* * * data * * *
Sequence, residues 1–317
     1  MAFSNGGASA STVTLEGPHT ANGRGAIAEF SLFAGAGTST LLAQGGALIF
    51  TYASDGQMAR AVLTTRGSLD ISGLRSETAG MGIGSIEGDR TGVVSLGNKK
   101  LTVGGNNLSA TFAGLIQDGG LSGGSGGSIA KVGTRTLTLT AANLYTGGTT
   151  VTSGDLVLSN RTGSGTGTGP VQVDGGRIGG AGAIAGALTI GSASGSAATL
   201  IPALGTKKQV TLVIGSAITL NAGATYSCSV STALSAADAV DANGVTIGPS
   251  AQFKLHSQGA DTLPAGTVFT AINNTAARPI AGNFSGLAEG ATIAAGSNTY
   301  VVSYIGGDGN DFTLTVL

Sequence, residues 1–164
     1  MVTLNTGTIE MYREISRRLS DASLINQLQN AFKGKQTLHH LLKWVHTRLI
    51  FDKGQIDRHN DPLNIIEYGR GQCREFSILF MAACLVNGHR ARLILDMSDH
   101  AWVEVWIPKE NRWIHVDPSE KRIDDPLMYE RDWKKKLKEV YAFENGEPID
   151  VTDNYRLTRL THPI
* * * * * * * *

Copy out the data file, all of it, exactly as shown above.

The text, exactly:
Sequence, residues 1–317
     1  MAFSNGGASA STVTLEGPHT ANGRGAIAEF SLFAGAGTST LLAQGGALIF
    51  TYASDGQMAR AVLTTRGSLD ISGLRSETAG MGIGSIEGDR TGVVSLGNKK
   101  LTVGGNNLSA TFAGLIQDGG LSGGSGGSIA KVGTRTLTLT AANLYTGGTT
   151  VTSGDLVLSN RTGSGTGTGP VQVDGGRIGG AGAIAGALTI GSASGSAATL
   201  IPALGTKKQV TLVIGSAITL NAGATYSCSV STALSAADAV DANGVTIGPS
   251  AQFKLHSQGA DTLPAGTVFT AINNTAARPI AGNFSGLAEG ATIAAGSNTY
   301  VVSYIGGDGN DFTLTVL

Sequence, residues 1–164
     1  MVTLNTGTIE MYREISRRLS DASLINQLQN AFKGKQTLHH LLKWVHTRLI
    51  FDKGQIDRHN DPLNIIEYGR GQCREFSILF MAACLVNGHR ARLILDMSDH
   101  AWVEVWIPKE NRWIHVDPSE KRIDDPLMYE RDWKKKLKEV YAFENGEPID
   151  VTDNYRLTRL THPI